In late February, I had the opportunity to sit down with Jason Kattman, procurement operations branch chief at the U.S. Department of Agriculture, and host Francis Rose for an episode of Government Matters “Agency in Motion: USDA” (video below). It was a great discussion on outcome-based procurement, including how relaxing requirements on an employee’s location could help bring the best talent and solutions to the government.
Little did I know then that we were about to head into a global pandemic that would abruptly and fundamentally alter how the world works and almost all of our work locations were about to change.
I saw a meme the other day that asked, “Who in your organization has been responsible for bringing about the most innovation in telework and remote technologies in your company: your CIO, your CTO, or COVID-19?” With due credit to all CIOs and CTOs who have quickly pivoted to implement continuity of operations plans for rapid technology adoption, the message rang true: the COVID-19 pandemic has, in a matter of weeks, driven changes that might have otherwise taken years to occur.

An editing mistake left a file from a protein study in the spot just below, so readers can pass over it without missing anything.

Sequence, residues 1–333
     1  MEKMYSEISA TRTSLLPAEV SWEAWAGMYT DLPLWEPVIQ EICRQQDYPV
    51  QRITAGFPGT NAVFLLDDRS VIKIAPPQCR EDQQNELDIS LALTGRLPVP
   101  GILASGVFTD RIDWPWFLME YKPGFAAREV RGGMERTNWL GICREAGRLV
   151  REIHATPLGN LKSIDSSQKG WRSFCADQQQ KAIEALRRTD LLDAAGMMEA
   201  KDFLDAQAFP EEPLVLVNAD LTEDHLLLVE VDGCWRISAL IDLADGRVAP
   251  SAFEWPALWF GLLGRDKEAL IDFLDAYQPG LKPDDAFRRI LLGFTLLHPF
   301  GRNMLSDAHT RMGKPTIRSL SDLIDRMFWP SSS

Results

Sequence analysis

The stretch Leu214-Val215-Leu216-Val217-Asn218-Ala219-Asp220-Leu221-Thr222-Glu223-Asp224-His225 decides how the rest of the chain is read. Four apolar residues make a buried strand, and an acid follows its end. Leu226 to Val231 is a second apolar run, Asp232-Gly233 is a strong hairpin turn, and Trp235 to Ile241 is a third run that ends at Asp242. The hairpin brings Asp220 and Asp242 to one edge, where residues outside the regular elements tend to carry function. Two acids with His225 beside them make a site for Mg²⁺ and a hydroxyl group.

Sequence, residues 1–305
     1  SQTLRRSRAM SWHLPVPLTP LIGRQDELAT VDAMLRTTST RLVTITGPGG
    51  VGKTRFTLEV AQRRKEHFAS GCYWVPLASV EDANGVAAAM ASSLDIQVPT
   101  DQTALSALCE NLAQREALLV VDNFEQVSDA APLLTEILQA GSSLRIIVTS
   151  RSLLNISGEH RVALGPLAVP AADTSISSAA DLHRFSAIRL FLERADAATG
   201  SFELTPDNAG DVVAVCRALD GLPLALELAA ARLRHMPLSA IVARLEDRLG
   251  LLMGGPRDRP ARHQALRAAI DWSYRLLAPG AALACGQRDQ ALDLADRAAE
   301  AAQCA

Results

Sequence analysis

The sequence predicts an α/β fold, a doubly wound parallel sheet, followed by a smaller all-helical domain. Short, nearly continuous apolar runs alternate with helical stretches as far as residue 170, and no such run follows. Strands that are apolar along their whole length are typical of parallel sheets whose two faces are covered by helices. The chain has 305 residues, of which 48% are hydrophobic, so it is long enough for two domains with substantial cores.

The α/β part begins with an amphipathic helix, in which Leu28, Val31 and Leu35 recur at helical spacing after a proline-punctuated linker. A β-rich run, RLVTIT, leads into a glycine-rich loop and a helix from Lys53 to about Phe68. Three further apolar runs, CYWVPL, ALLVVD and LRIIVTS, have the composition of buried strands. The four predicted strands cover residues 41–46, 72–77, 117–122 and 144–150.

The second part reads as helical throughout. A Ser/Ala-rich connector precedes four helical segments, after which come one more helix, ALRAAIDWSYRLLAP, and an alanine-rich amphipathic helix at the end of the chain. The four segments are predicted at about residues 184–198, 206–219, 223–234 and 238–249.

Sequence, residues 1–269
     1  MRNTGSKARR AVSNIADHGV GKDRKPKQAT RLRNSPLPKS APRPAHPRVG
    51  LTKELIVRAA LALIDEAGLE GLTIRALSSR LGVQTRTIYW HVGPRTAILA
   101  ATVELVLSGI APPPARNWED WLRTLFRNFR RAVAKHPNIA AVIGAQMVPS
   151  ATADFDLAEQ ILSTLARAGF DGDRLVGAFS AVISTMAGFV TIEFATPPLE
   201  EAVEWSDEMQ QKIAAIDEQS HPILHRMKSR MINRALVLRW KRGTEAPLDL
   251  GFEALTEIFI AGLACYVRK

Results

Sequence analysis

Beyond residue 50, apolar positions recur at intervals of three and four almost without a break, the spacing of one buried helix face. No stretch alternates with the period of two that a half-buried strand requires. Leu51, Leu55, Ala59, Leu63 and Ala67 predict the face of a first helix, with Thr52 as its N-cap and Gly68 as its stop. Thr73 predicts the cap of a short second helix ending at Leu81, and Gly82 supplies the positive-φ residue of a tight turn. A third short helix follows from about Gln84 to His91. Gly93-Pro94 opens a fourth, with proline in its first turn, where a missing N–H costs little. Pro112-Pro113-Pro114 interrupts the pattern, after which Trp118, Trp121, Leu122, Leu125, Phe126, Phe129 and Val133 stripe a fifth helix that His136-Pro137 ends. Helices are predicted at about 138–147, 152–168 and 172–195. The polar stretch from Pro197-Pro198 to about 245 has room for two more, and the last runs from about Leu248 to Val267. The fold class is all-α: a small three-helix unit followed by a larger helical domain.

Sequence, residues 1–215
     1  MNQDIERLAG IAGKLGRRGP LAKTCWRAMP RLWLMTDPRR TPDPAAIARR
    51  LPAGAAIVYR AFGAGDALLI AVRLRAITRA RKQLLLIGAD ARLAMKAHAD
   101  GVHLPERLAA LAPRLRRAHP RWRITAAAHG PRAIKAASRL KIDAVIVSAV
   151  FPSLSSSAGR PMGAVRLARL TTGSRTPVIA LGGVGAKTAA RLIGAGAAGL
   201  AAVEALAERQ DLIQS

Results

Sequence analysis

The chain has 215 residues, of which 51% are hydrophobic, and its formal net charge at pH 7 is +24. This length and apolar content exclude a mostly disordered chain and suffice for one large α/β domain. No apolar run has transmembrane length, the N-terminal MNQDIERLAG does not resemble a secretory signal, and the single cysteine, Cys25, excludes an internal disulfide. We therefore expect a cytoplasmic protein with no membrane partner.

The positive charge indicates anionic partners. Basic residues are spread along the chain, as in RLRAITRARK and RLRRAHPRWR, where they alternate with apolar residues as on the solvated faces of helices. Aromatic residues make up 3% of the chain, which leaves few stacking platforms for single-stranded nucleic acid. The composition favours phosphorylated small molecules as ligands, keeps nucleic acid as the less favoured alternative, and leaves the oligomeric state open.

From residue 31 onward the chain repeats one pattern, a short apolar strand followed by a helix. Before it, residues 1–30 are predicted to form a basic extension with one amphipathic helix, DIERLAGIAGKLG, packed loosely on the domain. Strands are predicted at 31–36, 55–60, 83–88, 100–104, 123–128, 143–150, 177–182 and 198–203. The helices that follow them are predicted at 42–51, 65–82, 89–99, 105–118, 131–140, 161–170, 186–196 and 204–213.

The sudden shift has been disruptive in many ways, but it presents a tremendous opportunity for the government to reimagine how it procures goods and services. It also gives companies like SAIC a chance to take a new approach to how we engage with our customers.
Now, more than ever, it’s clear that we need to take a creative, forward-looking approach to getting the right solutions that meet our government customers’ needs, so that they can quickly adapt to the challenges of the moment. This approach has many elements, including a more dispersed workforce, increased access to emerging technologies, and procurements that are less prescriptive and allow greater flexibility for companies to develop and provide solutions. Working together with our customers, we can help them achieve the outcomes they need to serve critical national missions.
SAIC is well-positioned to help build this success. In March, we completed the acquisition of Unisys Federal, providing us with new market access, accelerated investments in research and development, and managed services capability on a larger scale that builds on SAICs existing services, which were already serving nine million users last year. The acquisition further expands our capacity to more than 1,000 technology experts delivering managed services across nine geographically disparate U.S-based service centers, with enhanced remote virtual agent capabilities.
As we pivot to a post-COVID-19 reality, there will be new and unique pressures on the government workforce and national priorities, requiring a creative, flexible, and outcome-based approach to procurement.